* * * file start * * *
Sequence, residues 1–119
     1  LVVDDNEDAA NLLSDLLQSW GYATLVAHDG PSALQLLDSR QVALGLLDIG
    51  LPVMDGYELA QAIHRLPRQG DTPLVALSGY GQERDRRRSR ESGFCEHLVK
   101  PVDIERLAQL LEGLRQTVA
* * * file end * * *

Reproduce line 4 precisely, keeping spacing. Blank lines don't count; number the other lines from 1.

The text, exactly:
   101  PVDIERLAQL LEGLRQTVA